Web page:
Week Two of Honing Skills

Finding My Way with a Map and Compass

Group outside looking at maps and using compasses.

One of the more valuable skills for hiking is the ability to read a map. Paired with a compass and the knowledge of how to use them together to find your way, you have a valuable tool that isn’t reliant on batteries, satellites or cell towers. It’s a basic skill that some understand quickly while for others like me is a bit elusive and, like anything, with practice gets stronger.

I hate to admit this, but I’ve carried both with me on almost every hiking adventure with little practical understanding of how to use them. As a Scouting leader, I’ve relied on the Scouts to handle way finding. Yes, you read that correctly, Scouts (aka youth under 18 years old). While that’s fine, I’ve also realized that I hear a lot of people who don’t have the skill talk about feeling most comfortable when they hike with an “experienced” hiker. More often lately I’m find others looking to me as that “experienced” hiker. Since I do my fair share of solo hikes, along with leading small groups, I decided that isn’t something I can rely others to do any longer. I need to up my navigational game.

My opportunity for change this situation presented itself in the chance to take a class with Paul Kautz, the Hiking Dude. Paul is great at providing both the theory and practical application of a whole host of outdoors skills so I was confident that I’d come away from the morning with hands-on learning to reinforce my minimal skills.

The class started with an introduction to the parts of our compasses. This was really helpful because each of those many lines has a distinct purpose. We also learned that there are many different types of compass. Most importantly, that a basic one is just as effective as a really expensive one. Paul then took us through a series of exercises to navigate to a field where he’d set up an orienteering game that we’d use to see if we could correctly get through finding three points in a field. It was an antique orienteering game from the Boy Scouts of America. I loved it, though my partner and I missed one of the three challenges pretty significantly. Overall we still felt pretty good about what we’d accomplished by the time we were done.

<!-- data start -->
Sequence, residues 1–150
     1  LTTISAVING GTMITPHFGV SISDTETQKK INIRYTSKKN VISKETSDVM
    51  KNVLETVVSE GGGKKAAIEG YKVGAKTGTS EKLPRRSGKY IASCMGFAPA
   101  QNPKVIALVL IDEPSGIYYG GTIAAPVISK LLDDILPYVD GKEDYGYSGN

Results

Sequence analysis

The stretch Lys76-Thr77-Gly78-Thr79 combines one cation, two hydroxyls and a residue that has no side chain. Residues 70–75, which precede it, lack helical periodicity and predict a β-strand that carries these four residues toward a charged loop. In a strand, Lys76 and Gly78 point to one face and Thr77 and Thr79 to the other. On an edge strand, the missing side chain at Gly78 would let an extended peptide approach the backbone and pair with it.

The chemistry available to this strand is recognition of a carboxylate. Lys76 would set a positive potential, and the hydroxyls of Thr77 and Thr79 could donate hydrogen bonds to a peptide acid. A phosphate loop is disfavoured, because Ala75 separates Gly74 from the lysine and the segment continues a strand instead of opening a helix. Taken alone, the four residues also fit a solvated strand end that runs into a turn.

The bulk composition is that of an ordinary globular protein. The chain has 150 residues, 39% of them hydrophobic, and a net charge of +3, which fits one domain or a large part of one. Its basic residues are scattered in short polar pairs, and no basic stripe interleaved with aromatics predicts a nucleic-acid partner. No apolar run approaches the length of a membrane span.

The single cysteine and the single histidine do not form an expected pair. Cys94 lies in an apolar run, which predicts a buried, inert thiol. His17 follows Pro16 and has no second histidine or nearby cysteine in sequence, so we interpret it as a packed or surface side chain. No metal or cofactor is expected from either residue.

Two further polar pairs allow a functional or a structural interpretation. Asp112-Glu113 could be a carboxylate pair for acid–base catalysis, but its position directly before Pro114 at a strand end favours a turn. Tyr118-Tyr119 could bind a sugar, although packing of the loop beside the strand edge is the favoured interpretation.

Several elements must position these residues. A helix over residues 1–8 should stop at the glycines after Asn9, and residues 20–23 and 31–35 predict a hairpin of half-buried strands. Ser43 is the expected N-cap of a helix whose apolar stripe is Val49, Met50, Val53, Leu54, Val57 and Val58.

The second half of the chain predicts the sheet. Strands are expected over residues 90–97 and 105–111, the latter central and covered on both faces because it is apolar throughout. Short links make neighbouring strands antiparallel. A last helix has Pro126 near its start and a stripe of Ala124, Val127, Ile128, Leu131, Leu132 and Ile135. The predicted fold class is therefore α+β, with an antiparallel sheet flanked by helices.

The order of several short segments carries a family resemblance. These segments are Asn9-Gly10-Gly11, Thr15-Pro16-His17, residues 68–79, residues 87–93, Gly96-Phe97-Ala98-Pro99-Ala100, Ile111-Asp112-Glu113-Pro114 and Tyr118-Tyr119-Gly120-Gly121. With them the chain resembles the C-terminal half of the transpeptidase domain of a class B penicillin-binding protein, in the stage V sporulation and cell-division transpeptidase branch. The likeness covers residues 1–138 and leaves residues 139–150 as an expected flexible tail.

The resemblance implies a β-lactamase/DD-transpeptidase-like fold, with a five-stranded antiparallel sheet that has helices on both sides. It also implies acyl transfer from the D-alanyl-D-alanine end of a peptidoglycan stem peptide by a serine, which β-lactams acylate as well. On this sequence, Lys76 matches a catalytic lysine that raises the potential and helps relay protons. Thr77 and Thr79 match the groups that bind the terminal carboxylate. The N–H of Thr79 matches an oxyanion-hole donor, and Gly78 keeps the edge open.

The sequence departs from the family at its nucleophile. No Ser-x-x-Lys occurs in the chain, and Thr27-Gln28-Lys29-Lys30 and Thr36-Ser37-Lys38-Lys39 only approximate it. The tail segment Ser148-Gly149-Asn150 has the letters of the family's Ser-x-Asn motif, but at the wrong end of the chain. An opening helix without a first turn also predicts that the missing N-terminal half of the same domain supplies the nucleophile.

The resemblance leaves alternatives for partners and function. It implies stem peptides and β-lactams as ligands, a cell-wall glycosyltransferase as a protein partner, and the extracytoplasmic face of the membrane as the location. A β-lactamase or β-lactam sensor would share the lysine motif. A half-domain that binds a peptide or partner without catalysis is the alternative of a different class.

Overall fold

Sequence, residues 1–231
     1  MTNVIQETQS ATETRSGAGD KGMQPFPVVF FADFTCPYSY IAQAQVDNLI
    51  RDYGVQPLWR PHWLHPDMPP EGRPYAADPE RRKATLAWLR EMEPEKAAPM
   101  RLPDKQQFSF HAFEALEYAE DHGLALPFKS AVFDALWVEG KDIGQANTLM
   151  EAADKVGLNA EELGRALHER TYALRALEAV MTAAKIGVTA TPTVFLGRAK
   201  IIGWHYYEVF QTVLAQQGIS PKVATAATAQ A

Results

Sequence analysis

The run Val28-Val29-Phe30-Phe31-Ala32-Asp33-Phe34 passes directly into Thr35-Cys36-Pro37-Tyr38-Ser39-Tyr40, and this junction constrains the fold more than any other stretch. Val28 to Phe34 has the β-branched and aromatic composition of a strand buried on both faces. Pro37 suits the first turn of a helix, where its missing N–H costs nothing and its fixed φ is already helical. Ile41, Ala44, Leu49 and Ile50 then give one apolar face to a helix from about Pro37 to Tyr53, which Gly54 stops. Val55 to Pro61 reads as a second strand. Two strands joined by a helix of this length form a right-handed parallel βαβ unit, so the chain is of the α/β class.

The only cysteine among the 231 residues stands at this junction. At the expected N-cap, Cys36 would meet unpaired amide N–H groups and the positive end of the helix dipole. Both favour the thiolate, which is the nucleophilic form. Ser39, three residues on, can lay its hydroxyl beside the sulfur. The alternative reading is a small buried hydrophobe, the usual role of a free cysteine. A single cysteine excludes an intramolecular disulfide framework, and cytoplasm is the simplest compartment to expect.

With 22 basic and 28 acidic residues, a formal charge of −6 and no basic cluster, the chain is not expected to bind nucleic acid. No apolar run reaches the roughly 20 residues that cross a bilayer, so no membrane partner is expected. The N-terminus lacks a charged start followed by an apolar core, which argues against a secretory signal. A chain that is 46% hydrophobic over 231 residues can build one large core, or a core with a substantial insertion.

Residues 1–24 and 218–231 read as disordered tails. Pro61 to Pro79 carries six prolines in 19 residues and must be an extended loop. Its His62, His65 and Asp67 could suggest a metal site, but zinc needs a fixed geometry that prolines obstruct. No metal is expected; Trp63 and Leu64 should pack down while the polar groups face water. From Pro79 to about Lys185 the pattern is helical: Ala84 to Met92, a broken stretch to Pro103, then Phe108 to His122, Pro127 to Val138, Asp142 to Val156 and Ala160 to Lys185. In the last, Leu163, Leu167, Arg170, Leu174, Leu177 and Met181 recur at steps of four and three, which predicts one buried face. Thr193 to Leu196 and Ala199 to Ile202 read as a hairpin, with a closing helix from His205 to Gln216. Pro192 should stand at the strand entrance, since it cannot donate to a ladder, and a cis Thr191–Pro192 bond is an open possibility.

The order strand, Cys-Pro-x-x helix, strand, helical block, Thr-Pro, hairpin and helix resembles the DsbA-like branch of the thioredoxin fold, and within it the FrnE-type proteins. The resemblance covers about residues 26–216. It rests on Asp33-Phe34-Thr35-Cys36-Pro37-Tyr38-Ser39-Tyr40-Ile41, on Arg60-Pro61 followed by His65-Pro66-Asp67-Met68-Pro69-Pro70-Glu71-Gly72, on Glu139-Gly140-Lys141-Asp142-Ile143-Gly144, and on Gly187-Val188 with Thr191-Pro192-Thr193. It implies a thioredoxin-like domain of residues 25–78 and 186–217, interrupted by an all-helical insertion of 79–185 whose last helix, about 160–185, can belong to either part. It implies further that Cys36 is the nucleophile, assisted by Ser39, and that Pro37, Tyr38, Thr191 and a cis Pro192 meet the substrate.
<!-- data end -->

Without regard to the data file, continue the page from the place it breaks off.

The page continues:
I came away with a better understanding of the importance of also knowing how many of my steps make up 100 feet (41 steps). This is important for measuring distance in cases where you know you need to travel a number of feet, yards or miles and plays into determining how far to go in a direction once you’ve used your map and compass to determine your final destination.

Group participating in an orienteering class outdoors.

As I headed out on a short hike with one of the other participants, I felt much better about my ability to use these tools. Now I just need to find more opportunities to practice the skill so I don’t forget what I learned.

Another Hike for the Books

#51hike of my 52 Hike Challenge

Trail/Park: South River Trail, Afton State Park, MN

A little over a week ago I hiked Afton State Park in 35 degree temperatures with strong winds and the first, brief, snow of the fall. I had the park mostly to myself because of the weather. Just a few trail runners and hikers. This trip was completely to be completely different. From the parking lot jammed with cars to the busy trails and higher temperatures it was a contrast.

The day started off sunny and much warmer than I expected. Our group, which I was not responsible for leading this time around, was nearly a dozen women ranging in age from 6 months to 72 years young. With the temperature hovering near 70 degrees, it wasn’t long before we’d all shed layers to stay comfortable. With the sun bright in the sky, we headed out toward the southern end of the park. The group set a brisk pace getting us further than expected in short order. We made quick work of the portion of trail that leads downhill toward the St. Croix River. We were moving so quickly that I stopped for very few pictures.

I was reminded yet again as I hiked and chatted with the members of our group how much I value them. I love my solo hikes equally. They allow me to take the time to process all the things I’ve experienced or am dealing with emotionally. But these group hikes are different in that they have connected me to such a diverse group of women.

Each of us comes to the trail for the joy of a hike, but we also talk about our challenges and our joys. I appreciate the variety of perspectives and the opportunity to meet new people. We were even challenged by the over 70 member of our group who keeps a very brisk pace. She reminded us that age doesn’t matter on trail, that what does matter is getting out and making a point to hike in the first place. After all these hikes, long and short, sometimes I still need that reminder.

52 hike challenge on a prairie trail

The exciting part of my day was realizing that my next hike will be my 52nd hike of my 52 Hike Challenge. I’ve yet to decide where it will be and if it will be solo or with a group. I also know that I won’t stop at 52. No matter what I decide it you’ll hear about it soon.

GEAR: Vasque Talus Mid UltraDry Hiking Boots, Marmot Kompressor Pack, SPOT GEN3 Satellite GPS Messenger, Dueter Dirtbag, Kula Cloth, Leki Lhasa Lite AS trekking poles. Want to know more about my gear selections? Head on over to Gear & Gadgets

Copyright Ruth Wikoff-Jones, ruthsbluemarble.com | No Use Permitted Without Prior Permission

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